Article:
Last year cargo demand for multipurpose and heavylift vessels was adversely impacted by determined competition from other shipping sectors. While cargo demand has risen steadily since the crash of 2009, the multipurpose sector share of those volumes has eroded. Drewry reckons that 2013 was in fact a worse year for ship owners than recession-blighted 2009, as its market share dropped to just 8 percent of dry cargo, although tonnage was actually higher.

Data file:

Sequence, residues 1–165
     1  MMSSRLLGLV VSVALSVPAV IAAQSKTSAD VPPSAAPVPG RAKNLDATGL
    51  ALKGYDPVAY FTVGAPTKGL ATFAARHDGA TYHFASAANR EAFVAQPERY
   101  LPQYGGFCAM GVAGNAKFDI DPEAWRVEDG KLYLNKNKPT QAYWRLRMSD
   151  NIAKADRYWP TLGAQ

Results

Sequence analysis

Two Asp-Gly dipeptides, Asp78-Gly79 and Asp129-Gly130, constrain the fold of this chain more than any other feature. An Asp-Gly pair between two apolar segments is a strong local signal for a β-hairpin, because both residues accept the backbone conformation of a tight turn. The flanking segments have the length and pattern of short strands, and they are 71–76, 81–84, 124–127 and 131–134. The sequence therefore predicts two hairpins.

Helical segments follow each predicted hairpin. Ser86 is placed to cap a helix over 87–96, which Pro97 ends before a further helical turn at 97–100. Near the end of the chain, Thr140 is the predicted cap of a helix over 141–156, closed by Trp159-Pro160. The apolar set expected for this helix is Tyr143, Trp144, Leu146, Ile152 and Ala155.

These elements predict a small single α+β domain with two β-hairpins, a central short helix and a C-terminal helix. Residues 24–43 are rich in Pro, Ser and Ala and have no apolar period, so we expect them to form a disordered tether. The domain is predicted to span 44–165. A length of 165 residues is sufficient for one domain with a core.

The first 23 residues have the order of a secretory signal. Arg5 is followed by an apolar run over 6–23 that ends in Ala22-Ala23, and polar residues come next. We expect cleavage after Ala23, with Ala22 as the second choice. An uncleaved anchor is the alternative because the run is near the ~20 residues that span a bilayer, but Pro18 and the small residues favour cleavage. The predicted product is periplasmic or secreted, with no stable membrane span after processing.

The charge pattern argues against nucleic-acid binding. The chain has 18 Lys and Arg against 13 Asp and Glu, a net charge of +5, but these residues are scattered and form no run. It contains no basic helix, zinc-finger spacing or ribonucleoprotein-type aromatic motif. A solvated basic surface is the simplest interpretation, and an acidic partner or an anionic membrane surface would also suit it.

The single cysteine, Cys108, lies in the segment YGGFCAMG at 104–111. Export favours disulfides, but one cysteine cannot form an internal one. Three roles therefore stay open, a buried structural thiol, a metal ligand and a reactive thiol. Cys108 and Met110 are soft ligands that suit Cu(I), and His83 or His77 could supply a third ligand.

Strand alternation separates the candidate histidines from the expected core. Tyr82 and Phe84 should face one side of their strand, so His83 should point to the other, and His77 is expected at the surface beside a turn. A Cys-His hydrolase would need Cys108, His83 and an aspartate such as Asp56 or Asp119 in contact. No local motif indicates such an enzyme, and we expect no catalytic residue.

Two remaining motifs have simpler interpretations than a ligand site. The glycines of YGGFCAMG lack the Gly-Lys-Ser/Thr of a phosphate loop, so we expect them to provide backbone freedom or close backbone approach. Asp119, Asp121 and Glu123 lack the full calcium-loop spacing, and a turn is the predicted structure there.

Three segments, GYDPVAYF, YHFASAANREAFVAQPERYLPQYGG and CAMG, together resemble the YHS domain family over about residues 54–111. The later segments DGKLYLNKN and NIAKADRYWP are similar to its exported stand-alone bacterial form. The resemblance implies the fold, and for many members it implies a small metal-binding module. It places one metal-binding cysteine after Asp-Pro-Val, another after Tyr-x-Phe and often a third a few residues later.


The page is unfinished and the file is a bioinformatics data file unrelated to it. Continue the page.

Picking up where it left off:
The biggest growth in 2013 volumes came, not surprisingly, from minor bulks, consisting primarily of steel and forest products. Global steel production in 2013 exceeded 1.6 billion tonnes, with growth of almost 5 percent compared to 2012. Whilst some major exporters (South Korea, EU, U.S.) reported decreased exports over 2012, China and Taiwan continued to show strong growth (18 percent and 9 percent, respectively) which contributed to an expansion in overall global traffic. By contrast, demand for general cargo, which includes project cargoes, dropped over 30 percent. Drewry believes this was due to a double hit of increased competition from other shipping sectors and a slowdown in the project market. Drewry estimates that project cargo volumes fell by almost 15 percent over the year. However, the outlook is more positive. Global steel production is expected to rise at an average annual rate of 5 percent over the next two years. The outlook for project cargo is more mixed. While the expectation for 2014 remains subdued, there are signs that this sector should begin to pick up further volumes towards the end of the year and grow in 2015/2016.